July 15, 2020
Research shows little difference for consumers between steaks from naturally or conventionally raised cattle
By Fred Miller
U of A System Division of Agriculture
- Researchers compared quality of naturally raised beef with conventionally raised
- Naturally raised refers to cattle raised without antibiotics or growth hormones
- Research found no significant difference in quality for consumers
FAYETTEVILLE, Ark. — Arkansas researchers have shown that consumers experience no tangible differences between steaks from conventionally grown commodity beef cattle and those from branded “naturally grown” programs.
The research from the University of Arkansas System Division of Agriculture analyzed quality characteristics of ribeye rolls from five “naturally grown” brands and two conventional commodity beef processors.
Janeal Yancey and Tim Johnson, research technicians with the Arkansas Agricultural Experiment Station, the research arm of the Division of Agriculture, worked on the study with Cari Keys, a graduate student in the University of Arkansas’ Dale Bumpers College of Agricultural, Food and Life Sciences. Keys conducted the research for her master’s thesis. She has since gone on to work for Nestle USA. The project was funded, in part, by the Arkansas Beef Council.
Conventionally produced beef comes from cattle raised predominantly on forages for 8 to 12 months and then finished on high-concentrate diets in feedlots for 120 to 200 days before slaughter, Yancey said. Naturally branded products come from cattle that generally follow the same pattern, but without the use of antibiotics or growth hormones.
“Consumers often think that cattle in branded naturally raised products are the same as organically raised or exclusively grass-fed beef,” Yancey said. “But these are not the same thing. These cattle are still finished in a feedlot. Other than not using antibiotics or growth promotion products, their production is not very different from commodity beef.”
The study did not include “organic” branded products or cattle that are raised entirely on grass pastures, Yancey said.
“Branded fresh beef products make claims about benefits of naturally raised beef programs,” Yancey said. “We wanted to see if those claims were founded.”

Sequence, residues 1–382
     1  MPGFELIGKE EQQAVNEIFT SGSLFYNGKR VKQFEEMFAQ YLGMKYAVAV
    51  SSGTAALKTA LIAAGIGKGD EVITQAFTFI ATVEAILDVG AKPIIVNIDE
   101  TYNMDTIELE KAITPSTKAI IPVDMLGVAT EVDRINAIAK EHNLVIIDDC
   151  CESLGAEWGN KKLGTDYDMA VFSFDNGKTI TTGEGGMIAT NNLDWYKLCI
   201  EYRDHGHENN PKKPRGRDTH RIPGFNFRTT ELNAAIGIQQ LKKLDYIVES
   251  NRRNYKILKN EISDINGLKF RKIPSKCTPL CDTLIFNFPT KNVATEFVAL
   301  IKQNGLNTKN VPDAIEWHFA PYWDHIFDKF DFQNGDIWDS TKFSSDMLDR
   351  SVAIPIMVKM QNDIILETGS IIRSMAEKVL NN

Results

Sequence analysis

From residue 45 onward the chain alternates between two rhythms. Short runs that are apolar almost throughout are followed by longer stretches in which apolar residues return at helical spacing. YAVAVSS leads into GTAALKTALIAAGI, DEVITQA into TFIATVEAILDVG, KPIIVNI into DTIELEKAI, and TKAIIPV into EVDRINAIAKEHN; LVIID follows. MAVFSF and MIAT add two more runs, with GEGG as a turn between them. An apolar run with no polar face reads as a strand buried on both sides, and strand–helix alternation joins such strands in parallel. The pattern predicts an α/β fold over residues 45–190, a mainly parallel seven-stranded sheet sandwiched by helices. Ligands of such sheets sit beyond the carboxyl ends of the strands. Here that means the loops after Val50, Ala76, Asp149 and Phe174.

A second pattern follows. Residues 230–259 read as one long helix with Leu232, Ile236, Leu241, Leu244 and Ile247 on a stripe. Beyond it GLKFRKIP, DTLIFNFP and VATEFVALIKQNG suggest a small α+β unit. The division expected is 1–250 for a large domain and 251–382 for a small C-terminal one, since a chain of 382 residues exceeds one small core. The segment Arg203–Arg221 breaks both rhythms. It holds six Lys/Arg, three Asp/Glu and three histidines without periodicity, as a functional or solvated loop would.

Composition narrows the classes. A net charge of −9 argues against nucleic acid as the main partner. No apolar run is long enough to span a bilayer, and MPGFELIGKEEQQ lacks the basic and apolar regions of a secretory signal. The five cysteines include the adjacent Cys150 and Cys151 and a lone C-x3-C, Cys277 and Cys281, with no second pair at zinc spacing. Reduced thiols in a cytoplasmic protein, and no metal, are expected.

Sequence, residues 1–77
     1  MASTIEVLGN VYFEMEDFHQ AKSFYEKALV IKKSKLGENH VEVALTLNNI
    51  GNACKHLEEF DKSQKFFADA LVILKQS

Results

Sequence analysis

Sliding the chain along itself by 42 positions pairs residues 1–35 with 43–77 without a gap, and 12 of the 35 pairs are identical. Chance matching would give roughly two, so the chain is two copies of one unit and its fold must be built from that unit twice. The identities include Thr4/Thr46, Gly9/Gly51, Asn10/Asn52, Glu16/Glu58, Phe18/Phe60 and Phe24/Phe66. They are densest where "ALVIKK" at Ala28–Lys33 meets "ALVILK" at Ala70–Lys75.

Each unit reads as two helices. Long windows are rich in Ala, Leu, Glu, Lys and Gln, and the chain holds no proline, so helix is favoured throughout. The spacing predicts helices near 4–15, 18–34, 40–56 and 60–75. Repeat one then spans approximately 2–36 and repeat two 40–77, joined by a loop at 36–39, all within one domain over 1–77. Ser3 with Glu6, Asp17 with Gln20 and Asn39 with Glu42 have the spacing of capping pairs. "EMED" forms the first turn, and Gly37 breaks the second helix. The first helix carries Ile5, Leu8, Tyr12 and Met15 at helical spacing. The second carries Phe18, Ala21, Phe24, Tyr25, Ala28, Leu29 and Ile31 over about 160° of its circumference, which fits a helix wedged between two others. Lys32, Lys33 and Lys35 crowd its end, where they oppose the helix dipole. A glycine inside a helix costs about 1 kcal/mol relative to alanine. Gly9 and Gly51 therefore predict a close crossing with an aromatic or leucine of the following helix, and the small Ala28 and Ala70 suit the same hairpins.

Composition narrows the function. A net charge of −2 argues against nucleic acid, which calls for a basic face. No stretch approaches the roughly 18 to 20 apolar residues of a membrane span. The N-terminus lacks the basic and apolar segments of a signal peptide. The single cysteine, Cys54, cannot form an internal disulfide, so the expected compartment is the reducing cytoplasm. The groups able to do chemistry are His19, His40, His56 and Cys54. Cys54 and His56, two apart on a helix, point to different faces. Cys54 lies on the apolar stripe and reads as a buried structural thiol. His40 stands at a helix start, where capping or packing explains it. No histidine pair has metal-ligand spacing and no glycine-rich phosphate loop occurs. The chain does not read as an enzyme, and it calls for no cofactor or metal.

The research compared meat color, amount of beneficial fatty acids, antibiotic residues and tenderness at different cooking temperatures, Yancey said. A panel of taste-testers also assessed consumer preferences in the Experiment Station’s Sensory Science Center.
The team found slight differences between the products, Yancey said. The naturally grown meat was lighter in color. The conventionally raised meat lost more volume in cooking.
“Surprisingly,” Yancey said, “the only products in which we found detectable levels of antibiotics were steaks from two of the naturally raised branded products. There were trace amounts of penicillin-G.”
Johnson said the penicillin residues were probably from injections for a legitimate veterinary health concern. Normally, a treated animal would be kept out of production until the medicine had left the body.
Yancey said their research showed no significant differences in nutritional values or tenderness. And the taste tests showed no significant differences in consumer preferences.
“Products branded as ‘naturally raised’ often charge a premium price for advertised differences,” Johnson said. “And research has shown that consumers are willing to pay for those. But our research found no real difference in meat quality or consumer preferences between the naturally raised products or conventionally raised commodity beef.”
To learn more about Division of Agriculture research, visit the Arkansas Agricultural Experiment Station website: https://aaes.uark.edu. Follow us on Twitter at @ArkAgResearch and Instagram at ArkAgResearch.
About the Division of Agriculture
The University of Arkansas System Division of Agriculture’s mission is to strengthen agriculture, communities, and families by connecting trusted research to the adoption of best practices. Through the Agricultural Experiment Station and the Cooperative Extension Service, the Division of Agriculture conducts research and extension work within the nation’s historic land grant education system.
The Division of Agriculture is one of 20 entities within the University of Arkansas System. It has offices in all 75 counties in Arkansas and faculty on five system campuses.
The University of Arkansas System Division of Agriculture offers all its Extension and Research programs and services without regard to race, color, sex, gender identity, sexual orientation, national origin, religion, age, disability, marital or veteran status, genetic information, or any other legally protected status, and is an Affirmative Action/Equal Opportunity Employer.
Media Contact: Fred Miller
U of A System Division of Agriculture
Arkansas Agricultural Experiment Station